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HyroDaily t1_iuw02i8 wrote

Argyrodes-Dewdrop Spider

They can spin their own webs, but tend to invade and reside in their hosts' webs.[2]

There are some other sorta-examples, but I'm a bit fuzzy minded atm. There is one that tends to build a web attached to smaller orb webs, can't remember the name, but there was little/conflicting information written about them when i looked, however I have observed myself that this tends to be their default behavior, although haven't been able to determine why.

To push a bit further into the lack of source realm, I observed a jumping spider in VA come across an abandoned web, (3", orb-type, close to a wooden rail) ball it up and appear to digest it. I do not know if this was to restock web chemicals or perhaps there was small food I could not see stuck there. I know spiders redigest webs, but after that wondered if at all or how common eating other species abandoned webs was. Different species have different combinations of web material, so surely there would be some incompatible combinations?


newappeal t1_iuw8fxa wrote

> Different species have different combinations of web material, so surely there would be some incompatible combinations?

"Redigesting webs" would almost certainly involve catabolizing web proteins down to their component amino acids, absorbing those nutrients like those from any other source, and then re-synthesizing new web proteins. Therefore, interspecies differences in web composition wouldn't prevent a spider from digesting and remobilizing nutrients from another spider's web, as long as it could digest the web components in the first place.


ElegantEpitome t1_iuysb6k wrote

There’s a lot of big words in there sir. I’m gonna nod along and hope I understand what you’re saying properly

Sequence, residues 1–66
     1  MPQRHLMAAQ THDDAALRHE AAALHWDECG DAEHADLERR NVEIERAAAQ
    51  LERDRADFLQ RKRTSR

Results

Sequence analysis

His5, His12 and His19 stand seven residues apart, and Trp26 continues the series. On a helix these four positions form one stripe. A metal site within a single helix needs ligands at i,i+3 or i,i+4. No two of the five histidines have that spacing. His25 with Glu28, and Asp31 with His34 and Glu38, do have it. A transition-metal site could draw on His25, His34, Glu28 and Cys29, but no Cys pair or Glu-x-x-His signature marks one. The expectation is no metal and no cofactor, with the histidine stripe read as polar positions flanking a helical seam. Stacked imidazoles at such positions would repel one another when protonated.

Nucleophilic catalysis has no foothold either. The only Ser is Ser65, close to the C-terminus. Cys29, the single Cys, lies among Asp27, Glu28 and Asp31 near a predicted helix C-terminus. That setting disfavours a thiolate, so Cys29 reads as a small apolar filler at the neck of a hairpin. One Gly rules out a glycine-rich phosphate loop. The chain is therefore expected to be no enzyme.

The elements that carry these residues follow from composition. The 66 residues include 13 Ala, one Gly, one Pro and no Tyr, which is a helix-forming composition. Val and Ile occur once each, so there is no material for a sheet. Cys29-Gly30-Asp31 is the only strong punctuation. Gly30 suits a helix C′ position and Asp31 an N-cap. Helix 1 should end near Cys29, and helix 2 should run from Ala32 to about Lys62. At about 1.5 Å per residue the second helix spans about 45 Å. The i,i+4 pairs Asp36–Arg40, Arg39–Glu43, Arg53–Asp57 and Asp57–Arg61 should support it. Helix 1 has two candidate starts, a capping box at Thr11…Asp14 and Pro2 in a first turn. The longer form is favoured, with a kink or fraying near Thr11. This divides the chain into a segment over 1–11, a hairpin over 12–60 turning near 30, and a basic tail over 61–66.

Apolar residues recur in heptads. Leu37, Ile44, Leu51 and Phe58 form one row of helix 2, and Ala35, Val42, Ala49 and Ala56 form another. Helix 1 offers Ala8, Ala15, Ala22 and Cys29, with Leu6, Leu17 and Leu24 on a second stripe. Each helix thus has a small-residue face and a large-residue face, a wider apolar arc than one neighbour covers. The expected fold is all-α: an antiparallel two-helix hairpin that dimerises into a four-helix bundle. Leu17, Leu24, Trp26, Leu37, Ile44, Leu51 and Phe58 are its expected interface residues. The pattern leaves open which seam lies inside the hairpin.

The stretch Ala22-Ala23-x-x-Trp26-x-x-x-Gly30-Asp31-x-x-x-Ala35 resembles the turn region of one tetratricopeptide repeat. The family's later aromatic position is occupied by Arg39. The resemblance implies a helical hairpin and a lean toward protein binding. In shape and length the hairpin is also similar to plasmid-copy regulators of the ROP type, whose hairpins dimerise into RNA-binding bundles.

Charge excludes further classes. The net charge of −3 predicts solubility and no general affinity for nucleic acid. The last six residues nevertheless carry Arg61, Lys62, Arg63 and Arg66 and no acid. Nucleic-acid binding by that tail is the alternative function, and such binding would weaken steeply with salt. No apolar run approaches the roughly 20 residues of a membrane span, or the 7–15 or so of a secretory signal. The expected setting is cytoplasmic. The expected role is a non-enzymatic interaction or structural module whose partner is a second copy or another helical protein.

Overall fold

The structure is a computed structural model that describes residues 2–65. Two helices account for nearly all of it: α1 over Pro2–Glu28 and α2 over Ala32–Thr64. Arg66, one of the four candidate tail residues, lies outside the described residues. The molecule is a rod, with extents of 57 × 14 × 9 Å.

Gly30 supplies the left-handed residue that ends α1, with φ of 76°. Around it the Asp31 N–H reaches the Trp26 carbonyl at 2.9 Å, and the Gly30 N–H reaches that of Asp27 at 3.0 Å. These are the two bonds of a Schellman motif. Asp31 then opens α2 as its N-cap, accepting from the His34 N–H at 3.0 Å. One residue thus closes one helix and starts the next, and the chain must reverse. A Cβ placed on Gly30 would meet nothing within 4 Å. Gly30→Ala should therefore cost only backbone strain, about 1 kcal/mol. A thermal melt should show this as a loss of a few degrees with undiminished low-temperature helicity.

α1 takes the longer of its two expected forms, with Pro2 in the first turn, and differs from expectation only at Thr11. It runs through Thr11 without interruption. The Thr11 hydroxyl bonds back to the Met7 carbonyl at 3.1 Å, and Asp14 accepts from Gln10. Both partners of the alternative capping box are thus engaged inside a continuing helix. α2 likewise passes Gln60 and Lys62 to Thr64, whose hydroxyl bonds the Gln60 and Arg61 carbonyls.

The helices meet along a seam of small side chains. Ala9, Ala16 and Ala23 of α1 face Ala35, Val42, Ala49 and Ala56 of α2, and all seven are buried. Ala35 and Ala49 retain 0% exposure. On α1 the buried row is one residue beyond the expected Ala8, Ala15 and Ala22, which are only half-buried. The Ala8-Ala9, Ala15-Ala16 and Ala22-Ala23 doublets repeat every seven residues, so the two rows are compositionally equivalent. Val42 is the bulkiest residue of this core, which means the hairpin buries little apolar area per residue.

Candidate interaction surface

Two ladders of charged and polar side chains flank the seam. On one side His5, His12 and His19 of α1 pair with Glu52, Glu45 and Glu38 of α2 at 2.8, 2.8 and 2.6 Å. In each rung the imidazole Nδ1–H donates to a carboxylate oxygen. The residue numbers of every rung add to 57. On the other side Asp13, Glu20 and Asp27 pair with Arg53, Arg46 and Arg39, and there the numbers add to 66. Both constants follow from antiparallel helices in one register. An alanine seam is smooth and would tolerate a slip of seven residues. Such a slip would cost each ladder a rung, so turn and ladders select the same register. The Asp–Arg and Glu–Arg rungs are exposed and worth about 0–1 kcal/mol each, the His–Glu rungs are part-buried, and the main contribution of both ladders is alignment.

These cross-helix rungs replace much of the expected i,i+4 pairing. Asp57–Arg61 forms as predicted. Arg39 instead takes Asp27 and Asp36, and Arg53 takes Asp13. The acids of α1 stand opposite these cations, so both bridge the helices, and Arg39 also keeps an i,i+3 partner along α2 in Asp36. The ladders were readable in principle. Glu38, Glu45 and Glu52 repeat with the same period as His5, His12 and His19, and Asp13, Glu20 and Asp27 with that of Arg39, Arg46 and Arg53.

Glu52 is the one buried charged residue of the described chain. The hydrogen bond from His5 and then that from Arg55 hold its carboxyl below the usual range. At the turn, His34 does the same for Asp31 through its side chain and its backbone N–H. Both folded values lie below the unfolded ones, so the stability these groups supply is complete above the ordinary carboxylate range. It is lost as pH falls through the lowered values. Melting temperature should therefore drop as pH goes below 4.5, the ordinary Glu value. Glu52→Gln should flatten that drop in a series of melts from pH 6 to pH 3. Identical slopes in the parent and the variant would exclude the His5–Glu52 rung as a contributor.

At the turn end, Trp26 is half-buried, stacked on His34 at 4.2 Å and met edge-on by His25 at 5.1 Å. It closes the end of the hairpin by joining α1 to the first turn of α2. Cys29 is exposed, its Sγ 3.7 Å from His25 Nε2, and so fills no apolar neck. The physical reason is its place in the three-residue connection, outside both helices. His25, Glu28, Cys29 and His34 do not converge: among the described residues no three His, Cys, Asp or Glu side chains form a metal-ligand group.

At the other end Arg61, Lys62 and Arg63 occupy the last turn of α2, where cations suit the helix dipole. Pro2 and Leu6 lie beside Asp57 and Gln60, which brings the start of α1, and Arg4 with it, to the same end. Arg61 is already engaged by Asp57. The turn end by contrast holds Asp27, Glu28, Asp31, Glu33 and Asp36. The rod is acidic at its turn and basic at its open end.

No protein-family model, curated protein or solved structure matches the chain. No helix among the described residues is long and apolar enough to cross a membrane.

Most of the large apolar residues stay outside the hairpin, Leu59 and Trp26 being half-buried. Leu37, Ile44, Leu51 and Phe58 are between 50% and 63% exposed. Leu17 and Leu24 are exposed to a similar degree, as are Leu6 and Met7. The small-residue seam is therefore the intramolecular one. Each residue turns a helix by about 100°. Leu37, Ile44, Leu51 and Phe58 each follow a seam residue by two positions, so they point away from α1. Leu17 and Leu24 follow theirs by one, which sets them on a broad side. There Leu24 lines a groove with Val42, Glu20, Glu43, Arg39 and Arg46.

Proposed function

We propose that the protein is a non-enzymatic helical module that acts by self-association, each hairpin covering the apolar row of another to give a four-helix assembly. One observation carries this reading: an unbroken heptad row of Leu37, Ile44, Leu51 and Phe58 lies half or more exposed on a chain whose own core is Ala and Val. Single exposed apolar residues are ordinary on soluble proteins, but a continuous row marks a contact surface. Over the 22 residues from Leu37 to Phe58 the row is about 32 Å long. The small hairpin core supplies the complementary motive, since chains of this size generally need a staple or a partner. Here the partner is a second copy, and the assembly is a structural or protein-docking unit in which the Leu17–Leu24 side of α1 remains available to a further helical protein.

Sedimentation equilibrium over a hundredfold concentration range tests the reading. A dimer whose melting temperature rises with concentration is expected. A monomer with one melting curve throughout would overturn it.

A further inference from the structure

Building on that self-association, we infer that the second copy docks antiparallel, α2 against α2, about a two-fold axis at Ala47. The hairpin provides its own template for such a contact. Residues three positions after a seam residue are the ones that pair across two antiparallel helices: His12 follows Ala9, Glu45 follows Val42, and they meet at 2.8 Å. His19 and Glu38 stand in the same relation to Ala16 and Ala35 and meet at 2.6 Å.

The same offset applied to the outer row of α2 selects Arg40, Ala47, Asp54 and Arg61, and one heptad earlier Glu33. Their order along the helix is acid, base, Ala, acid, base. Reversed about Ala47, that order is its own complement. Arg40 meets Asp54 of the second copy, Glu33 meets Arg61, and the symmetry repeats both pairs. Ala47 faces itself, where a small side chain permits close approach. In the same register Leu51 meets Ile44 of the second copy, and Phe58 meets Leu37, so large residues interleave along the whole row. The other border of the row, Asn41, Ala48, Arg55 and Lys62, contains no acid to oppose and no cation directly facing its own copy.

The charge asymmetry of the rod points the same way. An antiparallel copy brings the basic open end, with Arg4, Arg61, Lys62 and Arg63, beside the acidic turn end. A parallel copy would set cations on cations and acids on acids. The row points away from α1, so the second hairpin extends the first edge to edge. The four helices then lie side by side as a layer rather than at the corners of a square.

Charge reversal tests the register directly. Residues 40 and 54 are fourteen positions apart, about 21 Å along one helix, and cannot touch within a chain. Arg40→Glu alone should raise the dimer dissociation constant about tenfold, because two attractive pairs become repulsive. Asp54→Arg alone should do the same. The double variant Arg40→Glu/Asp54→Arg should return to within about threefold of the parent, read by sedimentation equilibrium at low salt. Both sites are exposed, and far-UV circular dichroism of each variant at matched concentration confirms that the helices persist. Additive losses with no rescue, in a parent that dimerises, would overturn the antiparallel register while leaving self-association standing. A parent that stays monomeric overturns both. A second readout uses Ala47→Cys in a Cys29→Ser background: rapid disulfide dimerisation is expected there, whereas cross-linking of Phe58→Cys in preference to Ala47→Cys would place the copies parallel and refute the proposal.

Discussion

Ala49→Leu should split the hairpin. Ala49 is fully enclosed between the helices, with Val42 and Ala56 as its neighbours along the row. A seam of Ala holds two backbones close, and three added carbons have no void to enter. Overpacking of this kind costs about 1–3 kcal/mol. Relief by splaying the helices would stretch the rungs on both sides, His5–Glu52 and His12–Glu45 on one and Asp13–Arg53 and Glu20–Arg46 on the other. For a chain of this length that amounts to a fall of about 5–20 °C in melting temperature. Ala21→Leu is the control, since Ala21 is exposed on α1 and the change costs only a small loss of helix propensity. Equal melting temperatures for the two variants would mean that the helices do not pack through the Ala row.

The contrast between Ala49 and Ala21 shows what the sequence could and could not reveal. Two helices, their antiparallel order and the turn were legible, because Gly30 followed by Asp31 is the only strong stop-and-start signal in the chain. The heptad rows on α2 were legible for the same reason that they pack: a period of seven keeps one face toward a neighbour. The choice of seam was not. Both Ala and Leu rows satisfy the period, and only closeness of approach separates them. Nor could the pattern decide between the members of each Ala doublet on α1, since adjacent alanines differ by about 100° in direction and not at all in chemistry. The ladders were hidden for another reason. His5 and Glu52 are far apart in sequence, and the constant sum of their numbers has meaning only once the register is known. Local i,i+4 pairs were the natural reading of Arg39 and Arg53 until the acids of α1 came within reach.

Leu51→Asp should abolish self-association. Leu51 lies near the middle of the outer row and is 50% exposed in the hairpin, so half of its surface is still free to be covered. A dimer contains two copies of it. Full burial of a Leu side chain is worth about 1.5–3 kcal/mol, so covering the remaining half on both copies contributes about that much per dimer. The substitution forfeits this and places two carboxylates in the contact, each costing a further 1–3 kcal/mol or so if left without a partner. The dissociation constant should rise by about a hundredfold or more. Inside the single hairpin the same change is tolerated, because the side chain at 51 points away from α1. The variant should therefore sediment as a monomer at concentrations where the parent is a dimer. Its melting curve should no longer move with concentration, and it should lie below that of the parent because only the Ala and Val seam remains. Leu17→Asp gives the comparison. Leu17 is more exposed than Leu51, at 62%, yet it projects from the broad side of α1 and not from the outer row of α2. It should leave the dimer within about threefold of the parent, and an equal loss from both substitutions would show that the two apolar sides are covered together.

newappeal t1_iv0pel7 wrote

Not sure if you're actually asking for a simplified explanation, but here's one anyway:

Spider webs are made up of complicated parts, and different spiders use different parts. When a spider eats another spider's web, it breaks the complicated parts (big molecules) into simple ones (small molecules) that it can use to rebuild its own web parts. This is exactly how our own bodies process the food we eat.

It's like how you couldn't build one model of car using only fully assembled parts from a different model of car, but if you disassembled all the parts and melted down and recast the metal, you could make virtually any car.


danceoftheplants t1_iuw2itb wrote

This is really interesting! I didn't know that about the redigesting webs.


HyroDaily t1_iuw3r4h wrote

It isn't universal, perhaps due to the type of silk. I always see abandoned sheet webs for example. From Biology Of Spiders, I read that the webs are pretty high energy internally to make, and so it is efficient to recycle them. As far as the jumper example goes, that is total conjecture based off of 1 observation, so anyways, I'm just an enthusiast, so feel free to check my work, haha. Kinda hoping the main question gets answered more by some pros!


prairiepanda t1_iuyo3zo wrote

I've never seen a jumping spider eat its own web (although a jumping spider's web hammock is quite different from the silk used by or weavers), but twice I have seen them collect the webs of other spiders and create dirt wads with them. I assumed they were just cleaning up their territory. Jumpers seem to be averse to walking on the sticky trap-type webs of other spiders.


waylandsmith t1_iuxtzui wrote

Many spiders (particularly orb-weavers) ingest and re-build their webs daily.


danceoftheplants t1_iuy7xiq wrote

That's really cool to learn. I've never sat and watched a spider for a long time.. next time I find a web outside I'm gonna take a closer look!